Manitoba

Vision-impaired dragon boat team serious contenders in competition

Teammates typically watch out for one another, but on one dragon boat team, some members literally act as the eyes for their fellow paddlers.

Half of the No-See-Ems dragon boat team have some form of vision impairment

Paul Nicolas, right, and his daughter Bryana, left, paddle their dragon boat while their coach Jordan Smallwood, centre, steers. (Chris Stanton/CBC)

Teammates typically watch out for one another, but on one dragon boat team, some members literally act as the eyes for their fellow paddlers.

Paul Nicolas is the president of Manitoba Blind Sports Association and a member of the No-See-Ems, a dragon boat crew made up of four people with vision impairment, each paired with a spotter.

His daughter, Bryana Nicolas, is his spotter on the team.

"It's a lot of fun, it brings us closer together, we get to do a little bit of competition together so it's a lot of fun," he said.

The eight-person crew will compete this weekend in the September Dragon Boat Challenge.

The team has been practising once a week since the end of June, and Paul says his team is ready to compete against the other teams, some of which have only practised a couple times.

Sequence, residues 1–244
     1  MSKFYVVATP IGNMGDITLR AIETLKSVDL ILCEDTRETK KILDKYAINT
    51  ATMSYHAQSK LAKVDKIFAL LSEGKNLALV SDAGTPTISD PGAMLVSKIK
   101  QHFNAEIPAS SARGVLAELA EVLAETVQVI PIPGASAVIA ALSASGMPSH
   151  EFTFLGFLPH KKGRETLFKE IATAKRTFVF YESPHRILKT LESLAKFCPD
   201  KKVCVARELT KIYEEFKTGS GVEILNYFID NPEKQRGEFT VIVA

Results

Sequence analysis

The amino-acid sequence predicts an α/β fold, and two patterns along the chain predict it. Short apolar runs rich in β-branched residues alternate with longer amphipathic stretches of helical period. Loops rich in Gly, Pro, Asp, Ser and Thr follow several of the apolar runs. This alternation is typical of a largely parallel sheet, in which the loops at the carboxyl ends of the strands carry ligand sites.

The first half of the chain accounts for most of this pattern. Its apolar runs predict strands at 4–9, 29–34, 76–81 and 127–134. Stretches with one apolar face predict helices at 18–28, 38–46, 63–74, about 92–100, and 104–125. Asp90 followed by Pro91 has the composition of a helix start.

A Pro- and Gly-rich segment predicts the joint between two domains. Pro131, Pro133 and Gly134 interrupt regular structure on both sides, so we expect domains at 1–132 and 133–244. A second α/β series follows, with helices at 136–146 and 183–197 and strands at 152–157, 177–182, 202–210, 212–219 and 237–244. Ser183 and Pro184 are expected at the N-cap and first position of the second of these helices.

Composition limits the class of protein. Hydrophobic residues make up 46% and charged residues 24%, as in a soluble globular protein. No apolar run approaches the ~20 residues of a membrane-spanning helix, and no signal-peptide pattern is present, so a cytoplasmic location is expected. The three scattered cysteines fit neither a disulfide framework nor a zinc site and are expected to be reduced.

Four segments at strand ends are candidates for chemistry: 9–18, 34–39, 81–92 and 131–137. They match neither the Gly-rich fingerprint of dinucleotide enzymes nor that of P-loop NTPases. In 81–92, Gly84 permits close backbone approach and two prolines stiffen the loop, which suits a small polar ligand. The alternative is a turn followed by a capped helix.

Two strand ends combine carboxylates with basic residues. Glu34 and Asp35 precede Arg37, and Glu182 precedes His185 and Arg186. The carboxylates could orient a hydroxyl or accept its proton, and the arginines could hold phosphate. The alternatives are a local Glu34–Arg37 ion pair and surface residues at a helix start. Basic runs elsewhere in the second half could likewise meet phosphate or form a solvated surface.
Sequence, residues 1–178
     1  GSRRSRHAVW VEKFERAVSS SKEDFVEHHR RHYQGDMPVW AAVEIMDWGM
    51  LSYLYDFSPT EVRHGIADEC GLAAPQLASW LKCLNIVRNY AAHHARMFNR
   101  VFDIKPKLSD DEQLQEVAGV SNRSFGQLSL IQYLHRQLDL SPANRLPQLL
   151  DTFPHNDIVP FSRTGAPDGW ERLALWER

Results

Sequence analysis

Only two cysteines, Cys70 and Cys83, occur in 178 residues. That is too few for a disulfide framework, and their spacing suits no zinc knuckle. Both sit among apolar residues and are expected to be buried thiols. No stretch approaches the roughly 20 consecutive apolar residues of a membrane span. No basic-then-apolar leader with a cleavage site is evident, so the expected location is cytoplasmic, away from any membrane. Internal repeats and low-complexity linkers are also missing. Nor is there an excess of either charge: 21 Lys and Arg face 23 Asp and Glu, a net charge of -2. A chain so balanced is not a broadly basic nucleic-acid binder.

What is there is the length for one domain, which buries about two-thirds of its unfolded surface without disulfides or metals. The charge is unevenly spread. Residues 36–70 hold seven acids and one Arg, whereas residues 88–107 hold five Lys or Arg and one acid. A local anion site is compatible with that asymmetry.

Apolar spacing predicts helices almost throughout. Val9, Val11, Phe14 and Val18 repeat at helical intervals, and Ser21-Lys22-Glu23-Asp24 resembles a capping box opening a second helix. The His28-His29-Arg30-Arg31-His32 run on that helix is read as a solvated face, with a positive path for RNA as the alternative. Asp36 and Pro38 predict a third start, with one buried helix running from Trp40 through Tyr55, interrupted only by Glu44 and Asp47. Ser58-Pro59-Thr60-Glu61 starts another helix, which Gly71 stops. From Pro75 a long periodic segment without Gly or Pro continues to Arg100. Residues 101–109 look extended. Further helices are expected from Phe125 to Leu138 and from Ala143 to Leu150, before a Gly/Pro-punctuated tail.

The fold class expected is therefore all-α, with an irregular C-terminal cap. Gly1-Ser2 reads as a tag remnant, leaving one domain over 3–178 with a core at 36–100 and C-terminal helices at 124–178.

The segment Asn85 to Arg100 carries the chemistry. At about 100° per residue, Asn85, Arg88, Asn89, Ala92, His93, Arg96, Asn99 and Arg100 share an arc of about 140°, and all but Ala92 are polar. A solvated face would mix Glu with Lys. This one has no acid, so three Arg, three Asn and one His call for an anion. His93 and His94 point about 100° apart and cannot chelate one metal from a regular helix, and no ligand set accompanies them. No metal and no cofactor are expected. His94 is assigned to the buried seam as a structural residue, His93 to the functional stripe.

"We don't want to tell them that yet, but we might have a small edge," said Paul.

The Dragon Boat Challenge is on at the Manitoba Canoe and Kayak Center, and one team consists of some visually impaired racers and their guides. 2:30

At first, Paul and the other visually impaired team members needed help to guide their paddles into the water, but after many weeks on the water, they are all on more equal footing, said Bryana.

"He's telling me I'm doing things wrong, and I'm telling him he's doing things wrong. So it's good, it's fun," she said.

Bryana and Paul have gone canoeing together, but she said learning the different paddling technique of dragon boating was a challenge.

A drummer helps the team members stay in sync. Coach Jordan Smallwood said even though some members of the team have a disability, they will be serious contenders in the competition this weekend.

"There are a lot of teams that can't stay in stroke and they can see just fine," he said.

Paul has a genetic condition called Stargardt disease, which causes people to lose their central vision, leaving only their peripheral vision. Paul, who is 64, started losing his sight around age 20.

The team's name is a pun on the colloquial name for sandflies. Bryana, a biologist with the City of Winnipeg, came up with the name.

The competition raises money for the Dream Factory, which gives kids with life-threatening illnesses experiences they might never get a chance to have otherwise.
The No-See-Ems will compete this weekend in the September Dragon Boat Challenge. (Chris Stanton/CBC)

With files from Jamie-Lee McKenzie

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